Ana and Zak are polar opposites: she’s a brainy, straight-A student focused on meeting her parents’ expectations, and he’s a geeky slacker coasting through high school on his way to community college. An extra-credit assignment throws them together at a quiz bowl championship in Seattle, where they spend a hectic all-nighter on a rescue mission after Ana’s younger brother runs away to a science fiction convention. With Zak as her guide, Ana plunges into the world of Washingcon, filled with cosplaying nerds of every stripe, where they are targeted by an angry mob of card-game collectors, hunted by a Viking, and held captive by a drug dealer—all before dawn. Peppering his novel with references to delight die-hard SF fans and pop-culture aficionados alike, Katcher (Almost Perfect) pens a love letter to fanboys and fangirls everywhere. On the surface, the story is a lighthearted and entertaining romance, but serious undertones explore the fractured side of parent-child relationships and misfit characters desperate to find a tribe. A delightful romp for anyone still figuring out where they belong. Ages 14–up.
Archive for the ‘Books’ Category
Two teens discover that their improbable chemistry is just what it takes for a probable relationship. Still adjusting to a new stepdad, slacker Zak has anxiously been awaiting Washingcon, a science fiction, fantasy, and comic book convention in Seattle. But when his health teacher (and quiz bowl sponsor) notices that he plagiarized his health paper, she offers him two options: fail health and not graduate or serve as an alternate on the quiz bowl team for their big tournament. Who really fails health? So he begrudgingly chooses the latter, despite it being the same weekend as his con. Hyperfocused Ana, who must be perfect to show her parents she’s not like her older sister who dropped out of high school to have a baby, has her doubts about Zak. After Ana’s younger brother and fellow quiz bowl member, Clayton, sneaks out to attend Washingcon, Zak and Ana begin a humorously whirlwind night searching for him. Their alternating viewpoints narrate how they dodge and outwit parents, felons, and other outlandish con characters. While Clayton constantly eludes them, Zak and Ana do find a connection through mutual loss, courage to stand up for themselves, and first love. There’s even fun at a “mixed” [my quotes] marriage (between a Star Wars and a Star Trek enthusiast)! Fans of Nick and Norah’s Infinite Playlist will find con-tentment here. (Fiction. 14 & up)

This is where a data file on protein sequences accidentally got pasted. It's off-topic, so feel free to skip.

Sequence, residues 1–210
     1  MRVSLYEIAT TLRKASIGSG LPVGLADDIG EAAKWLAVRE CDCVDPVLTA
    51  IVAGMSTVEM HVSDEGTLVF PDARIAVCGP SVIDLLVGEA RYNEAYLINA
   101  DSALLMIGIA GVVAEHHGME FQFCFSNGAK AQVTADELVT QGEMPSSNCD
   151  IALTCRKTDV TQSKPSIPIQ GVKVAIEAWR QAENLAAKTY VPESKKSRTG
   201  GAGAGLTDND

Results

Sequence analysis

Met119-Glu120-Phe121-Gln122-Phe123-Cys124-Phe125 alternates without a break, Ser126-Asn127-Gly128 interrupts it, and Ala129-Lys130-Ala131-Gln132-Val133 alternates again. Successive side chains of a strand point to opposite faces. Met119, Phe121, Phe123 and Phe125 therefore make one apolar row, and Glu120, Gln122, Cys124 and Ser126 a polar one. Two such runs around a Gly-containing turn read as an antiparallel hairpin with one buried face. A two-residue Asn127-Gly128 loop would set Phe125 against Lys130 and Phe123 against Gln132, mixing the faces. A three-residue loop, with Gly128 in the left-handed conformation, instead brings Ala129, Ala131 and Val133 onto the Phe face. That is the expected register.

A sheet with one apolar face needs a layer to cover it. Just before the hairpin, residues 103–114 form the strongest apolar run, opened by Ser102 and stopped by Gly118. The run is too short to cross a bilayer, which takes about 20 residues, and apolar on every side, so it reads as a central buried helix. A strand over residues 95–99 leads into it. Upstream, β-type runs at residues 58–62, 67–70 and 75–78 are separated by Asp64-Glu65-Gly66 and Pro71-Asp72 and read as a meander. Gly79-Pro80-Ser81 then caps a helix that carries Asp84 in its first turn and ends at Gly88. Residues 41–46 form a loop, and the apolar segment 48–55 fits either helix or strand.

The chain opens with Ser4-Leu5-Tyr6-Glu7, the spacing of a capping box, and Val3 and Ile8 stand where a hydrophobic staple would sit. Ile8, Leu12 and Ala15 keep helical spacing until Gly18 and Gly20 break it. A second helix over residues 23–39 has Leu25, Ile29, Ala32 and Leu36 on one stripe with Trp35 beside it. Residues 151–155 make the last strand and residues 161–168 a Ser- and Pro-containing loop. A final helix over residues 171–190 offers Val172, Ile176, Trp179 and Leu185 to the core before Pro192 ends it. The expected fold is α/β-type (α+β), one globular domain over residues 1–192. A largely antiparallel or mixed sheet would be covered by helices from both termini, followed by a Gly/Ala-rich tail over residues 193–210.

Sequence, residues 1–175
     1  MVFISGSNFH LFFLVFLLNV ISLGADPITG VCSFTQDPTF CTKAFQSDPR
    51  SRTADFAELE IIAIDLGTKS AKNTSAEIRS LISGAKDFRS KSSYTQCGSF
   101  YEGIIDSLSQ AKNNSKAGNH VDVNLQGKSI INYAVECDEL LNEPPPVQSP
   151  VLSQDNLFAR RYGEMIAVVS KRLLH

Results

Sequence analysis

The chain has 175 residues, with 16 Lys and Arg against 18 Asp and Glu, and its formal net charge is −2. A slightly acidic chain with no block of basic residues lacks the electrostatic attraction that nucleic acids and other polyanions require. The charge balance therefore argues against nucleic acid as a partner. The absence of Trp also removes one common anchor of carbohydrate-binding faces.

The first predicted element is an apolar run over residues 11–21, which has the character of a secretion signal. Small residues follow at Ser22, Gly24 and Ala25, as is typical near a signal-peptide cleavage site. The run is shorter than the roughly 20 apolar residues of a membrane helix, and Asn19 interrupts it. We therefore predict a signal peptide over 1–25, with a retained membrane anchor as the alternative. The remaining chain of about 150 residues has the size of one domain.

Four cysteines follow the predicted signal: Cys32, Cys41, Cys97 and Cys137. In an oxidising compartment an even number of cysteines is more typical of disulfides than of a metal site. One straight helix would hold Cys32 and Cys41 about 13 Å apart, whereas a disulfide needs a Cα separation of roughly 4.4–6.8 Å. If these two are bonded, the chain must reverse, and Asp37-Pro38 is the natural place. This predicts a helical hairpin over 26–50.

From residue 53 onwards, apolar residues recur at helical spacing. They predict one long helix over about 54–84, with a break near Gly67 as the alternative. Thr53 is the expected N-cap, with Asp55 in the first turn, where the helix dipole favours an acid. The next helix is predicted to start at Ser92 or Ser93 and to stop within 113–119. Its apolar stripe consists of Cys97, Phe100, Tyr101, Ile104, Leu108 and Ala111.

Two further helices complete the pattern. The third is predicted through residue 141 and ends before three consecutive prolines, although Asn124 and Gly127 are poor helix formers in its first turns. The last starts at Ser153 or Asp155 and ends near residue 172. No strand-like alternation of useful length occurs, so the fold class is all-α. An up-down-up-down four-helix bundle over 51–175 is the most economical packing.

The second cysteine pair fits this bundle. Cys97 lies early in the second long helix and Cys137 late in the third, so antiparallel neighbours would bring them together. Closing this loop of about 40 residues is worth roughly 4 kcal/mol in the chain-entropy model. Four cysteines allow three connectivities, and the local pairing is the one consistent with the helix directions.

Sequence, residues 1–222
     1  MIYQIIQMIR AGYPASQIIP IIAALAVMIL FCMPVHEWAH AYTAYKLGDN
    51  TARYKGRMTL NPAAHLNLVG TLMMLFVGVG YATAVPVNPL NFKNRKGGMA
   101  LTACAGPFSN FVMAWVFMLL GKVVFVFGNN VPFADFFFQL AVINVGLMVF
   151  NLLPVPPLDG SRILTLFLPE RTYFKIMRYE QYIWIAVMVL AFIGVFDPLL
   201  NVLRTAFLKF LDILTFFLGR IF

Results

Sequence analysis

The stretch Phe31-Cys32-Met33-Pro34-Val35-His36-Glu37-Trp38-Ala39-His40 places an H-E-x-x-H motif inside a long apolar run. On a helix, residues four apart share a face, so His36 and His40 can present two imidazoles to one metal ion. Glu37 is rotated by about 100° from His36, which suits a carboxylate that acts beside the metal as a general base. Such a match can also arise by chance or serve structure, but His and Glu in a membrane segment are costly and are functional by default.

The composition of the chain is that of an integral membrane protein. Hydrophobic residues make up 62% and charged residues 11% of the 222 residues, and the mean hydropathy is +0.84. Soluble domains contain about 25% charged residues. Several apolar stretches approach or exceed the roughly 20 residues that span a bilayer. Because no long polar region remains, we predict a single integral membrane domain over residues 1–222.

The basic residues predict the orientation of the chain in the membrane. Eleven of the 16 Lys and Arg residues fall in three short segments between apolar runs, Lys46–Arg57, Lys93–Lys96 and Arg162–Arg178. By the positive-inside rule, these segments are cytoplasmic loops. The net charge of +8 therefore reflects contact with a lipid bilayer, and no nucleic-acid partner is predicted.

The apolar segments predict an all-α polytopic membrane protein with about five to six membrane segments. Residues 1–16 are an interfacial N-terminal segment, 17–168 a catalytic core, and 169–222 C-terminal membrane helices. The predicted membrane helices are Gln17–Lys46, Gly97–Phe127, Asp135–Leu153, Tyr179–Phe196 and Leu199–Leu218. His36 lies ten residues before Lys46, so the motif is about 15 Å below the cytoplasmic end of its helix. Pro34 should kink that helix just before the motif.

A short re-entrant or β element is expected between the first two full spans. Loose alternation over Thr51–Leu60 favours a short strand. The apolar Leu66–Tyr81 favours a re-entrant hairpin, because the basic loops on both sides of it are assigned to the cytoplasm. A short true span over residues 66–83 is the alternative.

Thanks to my wonderful editors, THE IMPROBABLE THEORY OF ANA AND ZAK will also be released in Spanish (Spain and Latin America), Portuguese (Brazil), German and Turkish! Wow!
By fellow librarian John Clark. Read it here.
The Improbable Theory of Ana and Zak, Katherine Tegen Books, May 2015!
Just got the ARCS for my new book, The Improbable Theory of Ana and Zak, and they look great! Big thanks to Claudia Gabel and Melissa Miller for all their work on this. Here’s the back cover blurb:
when Ana Watson’s brother ditches a high school trip to run wild at Washingcon, type-A Ana knows that she must find him or risk her last shot at freedom from her extra-controlling parents.
In her desperation, she’s forced to enlist the last person she’d ever want to spend time with–slacker Zak Duquette–to help locate her brother before morning comes.
But over the course of the night, while being chased by hordes of costumed Vikings and zombies, Ana and Zak begin to open up to each other. Soon, what began as the most insane nerdfighter manhunt transforms into so much more…